Earlier this month, Economy Minister Bruno Le Maire said there was “a problem of principle in working with any political or economic figure close to Russian power.” Le Maire, who once said France was fighting “an economic war” against Russia, later toned down his approach, noting that French energy groups such as TotalEnergies or Engie staying in Russia did not violate EU sanctions.
Total on the front line
TotalEnergies, in particular, appears to have become target No. 1 for both political and public opposition to French businesses carrying on their operations in Russia.
The energy giant is also active in Russia through shareholdings in local energy companies such as liquefied natural gas (LNG) champion Novatek. TotalEnergies joined with Novatek for two major LNG projects in Siberia: the so-called Yamal and Arctic LNG 2 projects. Gennady Timchenko, a Russian businessman close to President Vladimir Putin, resigned from Novatek’s board this week after he was targeted by EU sanctions, but he remains a major investor in the company.
The first LNG cargo from the Yamal plant was carried in 2017 by an ice-breaker tanker named after TotalEnergie’s former boss, Christophe de Margerie, painted with a large grey moustache on the bow in homage to de Margerie’s trademark moustache. Putin attended the plant’s opening ceremony and in his speech celebrated his “friend” de Margerie, who had died in 2014 in an aircraft accident in Moscow.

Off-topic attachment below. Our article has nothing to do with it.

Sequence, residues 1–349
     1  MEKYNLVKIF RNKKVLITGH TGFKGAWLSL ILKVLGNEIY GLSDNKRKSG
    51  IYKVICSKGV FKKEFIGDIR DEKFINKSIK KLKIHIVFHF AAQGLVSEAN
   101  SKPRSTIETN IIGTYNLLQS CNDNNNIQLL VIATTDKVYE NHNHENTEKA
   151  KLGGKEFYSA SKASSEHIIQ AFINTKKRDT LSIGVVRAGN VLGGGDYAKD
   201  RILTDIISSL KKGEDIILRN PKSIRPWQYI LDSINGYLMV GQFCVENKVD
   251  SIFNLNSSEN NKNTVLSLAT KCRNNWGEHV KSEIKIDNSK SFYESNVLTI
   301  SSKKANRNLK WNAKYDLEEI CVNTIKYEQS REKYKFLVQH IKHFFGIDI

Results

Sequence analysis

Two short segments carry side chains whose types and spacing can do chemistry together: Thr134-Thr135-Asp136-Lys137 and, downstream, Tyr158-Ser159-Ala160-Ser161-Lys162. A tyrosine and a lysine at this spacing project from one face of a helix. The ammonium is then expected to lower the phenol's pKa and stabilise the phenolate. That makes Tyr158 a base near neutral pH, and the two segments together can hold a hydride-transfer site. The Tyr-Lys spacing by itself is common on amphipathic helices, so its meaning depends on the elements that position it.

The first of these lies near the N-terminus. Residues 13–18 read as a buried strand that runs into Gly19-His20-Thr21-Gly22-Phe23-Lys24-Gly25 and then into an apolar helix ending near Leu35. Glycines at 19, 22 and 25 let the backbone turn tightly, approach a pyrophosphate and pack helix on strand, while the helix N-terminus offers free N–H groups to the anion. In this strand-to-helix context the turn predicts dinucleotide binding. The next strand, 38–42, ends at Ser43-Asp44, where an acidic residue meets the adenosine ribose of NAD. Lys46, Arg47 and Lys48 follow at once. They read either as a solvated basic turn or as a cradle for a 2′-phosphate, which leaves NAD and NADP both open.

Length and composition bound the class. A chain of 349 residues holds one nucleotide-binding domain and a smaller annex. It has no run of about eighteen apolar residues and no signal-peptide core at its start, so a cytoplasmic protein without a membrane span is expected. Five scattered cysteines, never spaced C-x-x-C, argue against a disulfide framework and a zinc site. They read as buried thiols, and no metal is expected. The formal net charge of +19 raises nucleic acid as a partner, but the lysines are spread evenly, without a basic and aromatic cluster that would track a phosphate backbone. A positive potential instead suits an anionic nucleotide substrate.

TotalEnergies has particularly close ties with Russia compared with other large foreign energy companies such as Shell and BP, noted Thomas Pellerin-Carlin, director of the Jacques Delors Institute’s energy center. “Total has bet heavily on Putin and Russia to develop, especially in the gas and liquefied natural gas sector,” he said, noting that the company had built “good relations with the Russian oligarchs and with Putin himself during the last years.”
Earlier this week, activists organized a demonstration in front of Total’s headquarters in Paris and NGOs threatened to take the company to court if it didn’t cut its ties with Russia. Green presidential candidate Yannick Jadot has gone as far as to accuse Total of being “complicit in war crimes in Ukraine.”
“It is also up to the French government today to take a clear position towards Total and to clearly order this multinational to withdraw from Russia. For us, as long as this is not done, the position of the French government is hypocritical towards the Kremlin and towards what is happening in Ukraine,” said Lorette Philippot from environmental group Amis de la Terre.
As the pressure mounts, TotalEnergies said Tuesday that it would stop buying oil products from Russia, but would not quit the country and would continue to buy its gas.
“At this stage, European governments have not decided to sanction Russian gas, because we need it. Why would you want me, TotalEnergies, to stop Russian gas even if I cannot replace it?” CEO Patrick Pouyanné told RTL radio on Wednesday.